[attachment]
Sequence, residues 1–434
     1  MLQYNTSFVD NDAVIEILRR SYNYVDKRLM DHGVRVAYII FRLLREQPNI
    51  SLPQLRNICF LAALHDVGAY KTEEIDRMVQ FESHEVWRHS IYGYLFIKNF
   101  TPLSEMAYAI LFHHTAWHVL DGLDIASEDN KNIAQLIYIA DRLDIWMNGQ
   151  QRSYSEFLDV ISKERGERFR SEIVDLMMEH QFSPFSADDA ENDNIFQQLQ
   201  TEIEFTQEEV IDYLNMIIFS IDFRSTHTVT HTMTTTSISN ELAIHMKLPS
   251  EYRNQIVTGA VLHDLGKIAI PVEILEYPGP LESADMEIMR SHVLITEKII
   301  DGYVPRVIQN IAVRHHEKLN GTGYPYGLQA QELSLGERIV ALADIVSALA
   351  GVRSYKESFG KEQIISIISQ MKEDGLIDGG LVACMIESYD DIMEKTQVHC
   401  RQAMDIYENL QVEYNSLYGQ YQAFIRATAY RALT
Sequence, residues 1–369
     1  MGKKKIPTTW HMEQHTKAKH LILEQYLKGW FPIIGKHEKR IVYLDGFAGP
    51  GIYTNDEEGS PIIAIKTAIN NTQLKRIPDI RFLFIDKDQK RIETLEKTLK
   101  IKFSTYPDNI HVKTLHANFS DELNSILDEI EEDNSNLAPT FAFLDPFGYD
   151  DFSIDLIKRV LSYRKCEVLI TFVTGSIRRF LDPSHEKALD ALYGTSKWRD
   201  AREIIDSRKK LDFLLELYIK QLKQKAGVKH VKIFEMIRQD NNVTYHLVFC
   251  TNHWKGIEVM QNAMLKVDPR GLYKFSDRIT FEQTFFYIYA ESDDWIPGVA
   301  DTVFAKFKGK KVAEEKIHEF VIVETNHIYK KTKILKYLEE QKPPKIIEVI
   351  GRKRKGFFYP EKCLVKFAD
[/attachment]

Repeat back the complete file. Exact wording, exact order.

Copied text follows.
Sequence, residues 1–434
     1  MLQYNTSFVD NDAVIEILRR SYNYVDKRLM DHGVRVAYII FRLLREQPNI
    51  SLPQLRNICF LAALHDVGAY KTEEIDRMVQ FESHEVWRHS IYGYLFIKNF
   101  TPLSEMAYAI LFHHTAWHVL DGLDIASEDN KNIAQLIYIA DRLDIWMNGQ
   151  QRSYSEFLDV ISKERGERFR SEIVDLMMEH QFSPFSADDA ENDNIFQQLQ
   201  TEIEFTQEEV IDYLNMIIFS IDFRSTHTVT HTMTTTSISN ELAIHMKLPS
   251  EYRNQIVTGA VLHDLGKIAI PVEILEYPGP LESADMEIMR SHVLITEKII
   301  DGYVPRVIQN IAVRHHEKLN GTGYPYGLQA QELSLGERIV ALADIVSALA
   351  GVRSYKESFG KEQIISIISQ MKEDGLIDGG LVACMIESYD DIMEKTQVHC
   401  RQAMDIYENL QVEYNSLYGQ YQAFIRATAY RALT
Sequence, residues 1–369
     1  MGKKKIPTTW HMEQHTKAKH LILEQYLKGW FPIIGKHEKR IVYLDGFAGP
    51  GIYTNDEEGS PIIAIKTAIN NTQLKRIPDI RFLFIDKDQK RIETLEKTLK
   101  IKFSTYPDNI HVKTLHANFS DELNSILDEI EEDNSNLAPT FAFLDPFGYD
   151  DFSIDLIKRV LSYRKCEVLI TFVTGSIRRF LDPSHEKALD ALYGTSKWRD
   201  AREIIDSRKK LDFLLELYIK QLKQKAGVKH VKIFEMIRQD NNVTYHLVFC
   251  TNHWKGIEVM QNAMLKVDPR GLYKFSDRIT FEQTFFYIYA ESDDWIPGVA
   301  DTVFAKFKGK KVAEEKIHEF VIVETNHIYK KTKILKYLEE QKPPKIIEVI
   351  GRKRKGFFYP EKCLVKFAD